Moving abroad for work or to study is a major lifestyle change. You will encounter new languages, cultures, cuisine, and norms. Some of you will adjust quicker than others to a new country, but, for most, it takes time and effort. A few tips can go a long way in helping you know what to expect and that you are not alone in your challenges. Here are five things to know before you go.
You will get lonely
Leaving home and all those you care about is never easy, no matter your excitement about moving abroad. Expect to feel homesick sometimes, and expect to need to talk to family and friends from home regularly to overcome that homesickness. What also helps overcome that loneliness is putting yourself out there. Don’t stay in your dorm or apartment stewing in that loneliness; instead, get together with your coworkers or classmates and enjoy your new, temporary home.
Things Will Go Wrong
Moving anywhere, much less abroad, is never without its hiccups. Things don’t always go as planned. You will forget things at home, have problems understanding those around you, feel embarrassed when you breach cultural norms, take the wrong bus, arrive late for a meeting or a class, order food you just can’t stomach eating and more. It’s okay. You’ll learn from those experiences, and likely won’t repeat them – at least not often. If you can do your best to go with the flow and enjoy the journey, you’ll have the right attitude to keep your experience a positive one.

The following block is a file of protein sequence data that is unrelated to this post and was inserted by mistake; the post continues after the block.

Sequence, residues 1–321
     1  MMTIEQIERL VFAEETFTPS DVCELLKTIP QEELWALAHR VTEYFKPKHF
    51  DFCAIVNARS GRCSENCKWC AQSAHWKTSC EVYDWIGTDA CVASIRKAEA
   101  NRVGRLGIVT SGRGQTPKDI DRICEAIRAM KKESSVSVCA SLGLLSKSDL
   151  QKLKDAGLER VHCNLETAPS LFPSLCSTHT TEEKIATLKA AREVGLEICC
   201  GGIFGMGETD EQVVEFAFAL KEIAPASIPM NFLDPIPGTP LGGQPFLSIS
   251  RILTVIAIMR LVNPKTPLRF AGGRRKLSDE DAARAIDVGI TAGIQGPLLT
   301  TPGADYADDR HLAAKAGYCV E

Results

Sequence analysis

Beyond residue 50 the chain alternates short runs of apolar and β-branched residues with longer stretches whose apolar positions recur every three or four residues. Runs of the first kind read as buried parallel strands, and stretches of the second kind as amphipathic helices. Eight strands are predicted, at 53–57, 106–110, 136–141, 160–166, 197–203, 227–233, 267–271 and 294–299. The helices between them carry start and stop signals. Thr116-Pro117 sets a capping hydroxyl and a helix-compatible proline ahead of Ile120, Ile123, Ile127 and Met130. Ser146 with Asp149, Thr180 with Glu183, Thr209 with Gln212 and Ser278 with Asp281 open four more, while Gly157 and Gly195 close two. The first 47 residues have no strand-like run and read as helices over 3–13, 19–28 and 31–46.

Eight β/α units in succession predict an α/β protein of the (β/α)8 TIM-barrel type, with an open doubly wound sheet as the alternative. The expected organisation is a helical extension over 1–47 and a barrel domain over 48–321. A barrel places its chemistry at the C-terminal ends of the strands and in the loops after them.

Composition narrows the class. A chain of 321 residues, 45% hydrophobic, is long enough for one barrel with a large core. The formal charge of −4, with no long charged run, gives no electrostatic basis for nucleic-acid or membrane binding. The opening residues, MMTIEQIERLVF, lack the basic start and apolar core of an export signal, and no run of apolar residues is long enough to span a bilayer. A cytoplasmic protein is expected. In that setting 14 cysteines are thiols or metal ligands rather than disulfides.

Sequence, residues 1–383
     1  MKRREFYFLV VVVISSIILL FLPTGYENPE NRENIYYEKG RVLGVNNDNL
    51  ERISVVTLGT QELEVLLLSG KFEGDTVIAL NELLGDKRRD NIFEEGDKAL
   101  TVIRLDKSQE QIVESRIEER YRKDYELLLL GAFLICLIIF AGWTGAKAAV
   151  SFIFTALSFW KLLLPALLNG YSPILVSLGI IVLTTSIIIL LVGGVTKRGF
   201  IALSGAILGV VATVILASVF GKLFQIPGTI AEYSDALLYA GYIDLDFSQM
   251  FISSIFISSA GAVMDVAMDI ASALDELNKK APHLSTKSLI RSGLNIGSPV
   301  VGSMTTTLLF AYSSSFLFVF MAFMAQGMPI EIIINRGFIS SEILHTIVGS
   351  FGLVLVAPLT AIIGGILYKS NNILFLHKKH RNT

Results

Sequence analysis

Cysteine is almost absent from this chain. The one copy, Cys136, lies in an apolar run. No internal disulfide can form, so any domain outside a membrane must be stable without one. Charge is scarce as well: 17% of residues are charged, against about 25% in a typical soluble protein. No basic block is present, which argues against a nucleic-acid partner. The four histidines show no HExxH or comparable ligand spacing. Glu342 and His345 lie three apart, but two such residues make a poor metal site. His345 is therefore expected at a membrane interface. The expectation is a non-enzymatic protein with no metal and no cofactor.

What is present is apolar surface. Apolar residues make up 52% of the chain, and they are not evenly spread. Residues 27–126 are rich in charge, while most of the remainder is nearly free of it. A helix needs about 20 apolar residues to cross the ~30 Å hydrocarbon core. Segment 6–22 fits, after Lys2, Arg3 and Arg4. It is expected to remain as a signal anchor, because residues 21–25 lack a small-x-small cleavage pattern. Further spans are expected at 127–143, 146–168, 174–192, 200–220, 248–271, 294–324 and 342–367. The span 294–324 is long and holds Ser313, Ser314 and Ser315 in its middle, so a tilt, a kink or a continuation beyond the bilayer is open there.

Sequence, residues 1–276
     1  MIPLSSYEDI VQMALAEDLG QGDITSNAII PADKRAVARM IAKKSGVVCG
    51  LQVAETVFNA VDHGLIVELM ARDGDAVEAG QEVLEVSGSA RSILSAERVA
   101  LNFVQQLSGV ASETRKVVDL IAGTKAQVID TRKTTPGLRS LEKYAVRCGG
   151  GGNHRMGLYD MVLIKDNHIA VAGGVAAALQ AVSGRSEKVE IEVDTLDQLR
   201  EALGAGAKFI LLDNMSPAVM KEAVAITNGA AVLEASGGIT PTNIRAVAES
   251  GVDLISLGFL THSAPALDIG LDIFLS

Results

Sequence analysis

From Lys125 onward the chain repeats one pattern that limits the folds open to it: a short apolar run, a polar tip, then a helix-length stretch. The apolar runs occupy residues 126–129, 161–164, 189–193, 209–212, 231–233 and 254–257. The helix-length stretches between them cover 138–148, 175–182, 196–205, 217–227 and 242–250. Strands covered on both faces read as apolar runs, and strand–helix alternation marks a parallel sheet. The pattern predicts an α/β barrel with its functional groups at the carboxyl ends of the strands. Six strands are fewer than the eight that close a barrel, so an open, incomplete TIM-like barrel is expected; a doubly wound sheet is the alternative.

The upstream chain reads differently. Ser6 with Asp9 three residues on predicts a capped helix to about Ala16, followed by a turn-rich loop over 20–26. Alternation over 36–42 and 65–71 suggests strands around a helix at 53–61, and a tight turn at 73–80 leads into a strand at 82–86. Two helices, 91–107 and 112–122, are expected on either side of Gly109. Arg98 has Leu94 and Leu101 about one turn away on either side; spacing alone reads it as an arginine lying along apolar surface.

If Your Chosen Country Isn’t A Good Fit, You Can Move On
If the country you’ve moved to does not seem to be a natural fit, that is okay. Your move isn’t, or doesn’t have to be, permanent. It is an adventure, and an exploration to try to determine what is a good fit for you in your life. It’s a good thing to figure out what works for you and what doesn’t, and the sooner the better, so you can move forward with more knowledge of what you really want.
Living Aboard Will Change You
The new experiences you will have during your time abroad will change how you look at other people, other cultures, and the world. It has the potential to enhance your understanding of everything from global politics and economics to religion, education, and food. You will not come home the same person but one who has gained a new perspective, more compassion and a greater appreciation for humankind.
Coming Home Won’t Be Easy
When you study or work abroad for an extended period of time, coming home will feel strange. For a while, you may feel like a foreigner in your own country. Once you’ve become accustomed to a new set of cultural norms, hearing a certain language and being a part of a certain society, it’s hard to acclimate to your own country once again. It will happen; just be prepared to give it some time. Be patient with yourself. You will be left with great memories and the advantage of feeling at home in two countries.
Tweet to @goinglobal
Information on employment outlook for more countries can be found by logging into your GoinGlobal account!
Don’t have an account? Sign up for a free online demo to learn how you can utilize GoinGlobal’s employment resources.